Fossil moths reveal their true colors
Moths dead for 47 million years are again showing their true colors. For the first time, scientists have reconstructed the colors of an ancient fossil moth. The findings detailed not just a few spots of color, but the appearance of the entire organism.
Those dinosaur colors were preserved as pigments within the fossils. The palette of the fossil moths was produced not by pigments, however, but by physical structure.
Moth wings contain patterns of microscopic structures including ridges, cross-ribs, and branching micro-ribs. When light bounces off of these structures, it scatters in a specific way, producing visible color.
Structural color exists in insects, birds, mammals, fish, and even plants. In September, McNamara and her colleagues reported that they'd deciphered the structural colors of ancient beetle fossils. Moths presented a more sophisticated challenge. "[Structural colors] are most diverse, and most complex, in butterflies and moths," McNamara said in her presentation.
With that complexity in mind, she and her colleagues studied a collection of fossil moths unearthed from the oil shales of Messel, Germany, a site famous among paleontologists for its exceptionally preserved fossils. The moths were similar to modern-day forester moths, a group of bright metallic moths in the family Zygaenidae.
Studying the microscopic structures in the fossil moths' wings, the researchers reconstructed how the insects appeared in life. The moths' bodies were bright yellow-green, and they also sported yellow-green wings rimmed in blue. Unlike their modern cousins, however, these fossil moths did not appear metallic.
Moth and butterfly scales are made up of layered sheets that typically produce iridescent colors. These colors appear to change hue, and seem to flash on and off, depending on the viewing angle.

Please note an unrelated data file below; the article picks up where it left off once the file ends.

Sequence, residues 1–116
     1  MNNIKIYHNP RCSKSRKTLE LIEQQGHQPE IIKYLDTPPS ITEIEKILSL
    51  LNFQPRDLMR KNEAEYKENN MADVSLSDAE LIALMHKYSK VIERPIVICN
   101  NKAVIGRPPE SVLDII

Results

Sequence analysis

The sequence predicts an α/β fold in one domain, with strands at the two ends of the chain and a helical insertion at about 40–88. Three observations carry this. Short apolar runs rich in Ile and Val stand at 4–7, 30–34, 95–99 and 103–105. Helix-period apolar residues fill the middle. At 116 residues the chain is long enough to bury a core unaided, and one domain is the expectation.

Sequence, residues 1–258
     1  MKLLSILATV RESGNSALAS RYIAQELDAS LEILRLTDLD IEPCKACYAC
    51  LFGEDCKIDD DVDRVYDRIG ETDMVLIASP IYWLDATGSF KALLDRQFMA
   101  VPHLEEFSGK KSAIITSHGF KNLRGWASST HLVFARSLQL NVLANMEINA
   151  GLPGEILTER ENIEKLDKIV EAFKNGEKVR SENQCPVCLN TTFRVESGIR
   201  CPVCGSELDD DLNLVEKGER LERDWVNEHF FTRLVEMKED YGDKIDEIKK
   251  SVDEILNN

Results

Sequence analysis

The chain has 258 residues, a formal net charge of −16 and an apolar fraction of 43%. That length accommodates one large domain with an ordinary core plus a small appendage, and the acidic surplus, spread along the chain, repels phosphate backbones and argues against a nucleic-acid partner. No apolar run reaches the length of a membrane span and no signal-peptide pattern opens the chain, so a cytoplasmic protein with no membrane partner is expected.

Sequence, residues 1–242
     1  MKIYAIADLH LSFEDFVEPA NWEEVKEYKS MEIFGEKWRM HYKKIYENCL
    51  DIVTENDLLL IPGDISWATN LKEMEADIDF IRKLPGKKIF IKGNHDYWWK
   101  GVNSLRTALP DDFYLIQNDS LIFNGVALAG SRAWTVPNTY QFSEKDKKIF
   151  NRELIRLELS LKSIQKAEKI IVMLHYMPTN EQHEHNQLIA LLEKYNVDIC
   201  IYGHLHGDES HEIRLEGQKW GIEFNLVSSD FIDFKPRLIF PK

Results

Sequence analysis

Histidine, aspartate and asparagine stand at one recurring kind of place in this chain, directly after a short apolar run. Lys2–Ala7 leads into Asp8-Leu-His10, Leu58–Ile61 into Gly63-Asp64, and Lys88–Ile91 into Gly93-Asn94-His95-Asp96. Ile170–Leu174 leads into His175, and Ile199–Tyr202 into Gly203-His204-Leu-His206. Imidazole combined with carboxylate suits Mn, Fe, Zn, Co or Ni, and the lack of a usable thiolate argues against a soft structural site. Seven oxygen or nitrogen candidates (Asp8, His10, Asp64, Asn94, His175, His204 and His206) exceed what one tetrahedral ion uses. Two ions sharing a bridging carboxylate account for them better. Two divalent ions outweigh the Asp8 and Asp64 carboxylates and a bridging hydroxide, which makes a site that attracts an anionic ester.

But the fossil moths suppressed their shimmer and flash. Various physical structures such as tiny holes and well-spaced ridges on the moths scales dampened the iridescence, resulting in bright, solid color that was visible from nearly any angle.
McNamara's research is just the latest in a series of recent studies that have looked at fossil colors, said Andrew Parker, a research leader at Oxford University's Green Templeton College and the Natural History Museum in London, and an expert in the evolution of structural color in nature. But the new findings are notable, he added, because they revealed colors over the moths entire wing surface.
"Finding a scrap of pigment in a dinosaur doesnt tell you anything," he said. "Finding the complete color of a moth tells you about the type of predator-prey relationships that were happening at that moment in time. You can start to reconstruct a whole ecology."
Insects, like many animals, use colors to communicate all sorts of messages both with members of their own species and others. Color patterns can provide camouflage, send signals to potential mates, and even warn predators that the colorful creature is not to be messed with.
The bright color of the fossil moths suggests that the insects were active during the day, McNamara said during her presentation. The vivid yellow-green hue probably served a defensive function. When resting on leaves, the moths would have blended into their surroundings, hidden from predators. When feeding on colored flowers, on the other hand, their bright tint may have sent a warning signal.
Living forester moths are highly toxic, and their bright coloration warns predators to keep their distance. The vivid colors of their fossil forebears suggest they, too, may have been deadly to would-be predators.
Seeing long-dead moths in living color is "an exciting advance," said S. Bruce Archibald, an expert in fossil insects at Simon Fraser University in Burnaby, British Columbia. "The new, detailed knowledge provided by this study helps us understand more clearly how ancient [animal] communities functioned."